Lassa Fever outbreak, the story so far

Lassa fever
Lassa fever is a viral infection carried by the multimammate rat, one of the most common mice in equatorial Africa found across most of Sub-Saharan Africa.

The disease was first discovered in Nigeria when two missionary nurses got infected by the virus in 1969.

Ever since then, it has become a disease that Nigeria contends with every year but there is usually an increase in cases between November and May during the dry season.

Experts say the rate of infections in 2020 is alarming when compared to 2019 as in the first week of March, the fever had spread to 27 states across 119 Local Governments.
Confirming the updates, Dr. Chikwe Ihekweazu, Director General of Nigeria Centre Disease Control (NCDC) said in week 10, the number of new confirmed cases decreased from 85 cases in week nine, 2020 to 81 cases.
He said that these were reported from 15 States, Edo, Ondo, Ebonyi, Bauchi, Taraba, Plateau, Benue, Kogi, Anambra, Delta, Enugu, Adamawa, Kaduna, Sokoto and Kebbi.

The Director-General said that at least one confirmed case had been recorded in a state from 27 states across 119 Local Government Areas.
Ihekweazu, however, said the country had no vaccine yet to protect people against the fever.
“We rely on strengthening measures such as ensuring proper sanitation, good personal hygiene; standard care precautions by health workers etc. to prevent the spread of Lassa fever.
“These measures also depend on personal responsibility as we all have a role to play in preventing the spread of Lassa fever.
“Over the last few years, we have strengthened our surveillance and diagnostics architecture as well as our ability to manage cases.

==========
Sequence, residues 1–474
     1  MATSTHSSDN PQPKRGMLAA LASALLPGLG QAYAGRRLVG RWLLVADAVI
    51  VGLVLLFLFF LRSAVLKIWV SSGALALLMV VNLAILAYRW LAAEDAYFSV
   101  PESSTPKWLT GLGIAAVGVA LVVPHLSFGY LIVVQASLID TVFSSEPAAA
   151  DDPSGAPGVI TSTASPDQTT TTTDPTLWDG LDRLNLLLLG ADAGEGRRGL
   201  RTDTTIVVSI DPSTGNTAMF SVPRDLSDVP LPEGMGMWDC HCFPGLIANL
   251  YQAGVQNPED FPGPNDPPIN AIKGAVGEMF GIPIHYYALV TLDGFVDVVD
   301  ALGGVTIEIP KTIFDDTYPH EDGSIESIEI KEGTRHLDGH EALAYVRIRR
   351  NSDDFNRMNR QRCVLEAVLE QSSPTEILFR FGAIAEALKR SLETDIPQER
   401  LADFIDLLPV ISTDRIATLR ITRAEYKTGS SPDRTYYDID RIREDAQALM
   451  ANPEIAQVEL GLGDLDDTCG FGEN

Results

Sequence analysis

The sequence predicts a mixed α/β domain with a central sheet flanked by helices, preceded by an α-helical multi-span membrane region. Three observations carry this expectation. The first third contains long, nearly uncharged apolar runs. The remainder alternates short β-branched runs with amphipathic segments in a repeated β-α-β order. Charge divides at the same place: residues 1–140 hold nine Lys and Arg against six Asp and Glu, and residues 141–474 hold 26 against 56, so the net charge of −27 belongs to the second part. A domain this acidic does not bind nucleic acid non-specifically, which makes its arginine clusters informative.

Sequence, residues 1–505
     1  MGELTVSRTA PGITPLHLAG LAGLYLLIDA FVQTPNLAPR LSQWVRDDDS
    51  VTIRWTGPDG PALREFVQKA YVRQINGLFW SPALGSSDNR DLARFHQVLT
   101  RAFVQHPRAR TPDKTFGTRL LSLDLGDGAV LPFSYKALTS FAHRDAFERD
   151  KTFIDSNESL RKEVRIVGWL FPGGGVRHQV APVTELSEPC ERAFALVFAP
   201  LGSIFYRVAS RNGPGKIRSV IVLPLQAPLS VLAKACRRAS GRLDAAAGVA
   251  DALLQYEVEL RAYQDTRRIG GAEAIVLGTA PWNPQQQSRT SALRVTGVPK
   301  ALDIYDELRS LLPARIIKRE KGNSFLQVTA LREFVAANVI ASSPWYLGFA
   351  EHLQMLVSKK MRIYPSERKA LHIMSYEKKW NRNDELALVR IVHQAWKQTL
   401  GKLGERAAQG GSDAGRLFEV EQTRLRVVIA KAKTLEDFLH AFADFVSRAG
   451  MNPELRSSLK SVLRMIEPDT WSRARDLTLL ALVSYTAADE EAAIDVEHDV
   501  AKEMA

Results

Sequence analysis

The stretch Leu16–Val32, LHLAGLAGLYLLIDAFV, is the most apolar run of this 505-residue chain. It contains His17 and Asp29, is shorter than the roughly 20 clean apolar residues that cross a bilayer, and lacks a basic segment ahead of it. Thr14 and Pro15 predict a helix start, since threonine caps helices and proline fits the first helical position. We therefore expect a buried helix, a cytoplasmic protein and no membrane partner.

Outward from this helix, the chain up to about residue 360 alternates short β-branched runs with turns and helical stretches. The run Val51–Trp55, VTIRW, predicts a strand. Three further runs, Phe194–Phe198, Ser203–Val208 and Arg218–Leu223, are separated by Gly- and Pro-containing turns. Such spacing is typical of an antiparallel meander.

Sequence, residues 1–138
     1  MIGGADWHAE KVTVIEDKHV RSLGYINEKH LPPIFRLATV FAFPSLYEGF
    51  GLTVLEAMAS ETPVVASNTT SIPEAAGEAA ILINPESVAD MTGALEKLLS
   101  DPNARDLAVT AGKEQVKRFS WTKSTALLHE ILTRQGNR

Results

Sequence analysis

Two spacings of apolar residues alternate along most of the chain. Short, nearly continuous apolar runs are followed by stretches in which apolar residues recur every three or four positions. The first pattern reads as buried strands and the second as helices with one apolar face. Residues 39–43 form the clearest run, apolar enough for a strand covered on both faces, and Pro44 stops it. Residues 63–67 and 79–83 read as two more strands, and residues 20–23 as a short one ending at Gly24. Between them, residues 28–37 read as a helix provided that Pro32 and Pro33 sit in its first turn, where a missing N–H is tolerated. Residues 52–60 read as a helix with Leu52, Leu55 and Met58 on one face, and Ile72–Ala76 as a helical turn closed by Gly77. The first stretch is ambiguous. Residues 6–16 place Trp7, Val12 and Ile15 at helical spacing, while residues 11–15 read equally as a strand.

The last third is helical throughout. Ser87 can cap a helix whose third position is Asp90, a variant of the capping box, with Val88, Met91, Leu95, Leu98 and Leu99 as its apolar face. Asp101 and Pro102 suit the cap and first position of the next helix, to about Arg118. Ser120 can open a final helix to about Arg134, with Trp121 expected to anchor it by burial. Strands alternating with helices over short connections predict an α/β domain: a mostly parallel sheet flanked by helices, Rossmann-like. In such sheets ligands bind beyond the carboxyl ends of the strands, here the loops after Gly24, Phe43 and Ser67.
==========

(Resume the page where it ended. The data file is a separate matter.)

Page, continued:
“Significantly, there has been a reduction in the number of deaths recorded from the disease. Therefore, we have increased our capacity to find and manage cases, compared to previous years,’’ he said.

To contain the situation, he said NCDC was supporting states in responding to the increase in cases as it has deployed Rapid Response Teams to some affected states.
Our risk communications activities have been scaled up to ensure that Nigerians are aware of the risks of Lassa fever and measures to protect themselves.

“We have also supported states with medical supplies and other response commodities for the management of cases.
“We continue to support treatment centres across the country, to develop the capacity of health care workers to effectively manage cases,’’ he said.
Also, the Minister of Health, Dr Osagie Ehanire, said a lot of work was being done on Lassa fever and the country had reduced fatality rate from 30 per cent to 14 per cent.

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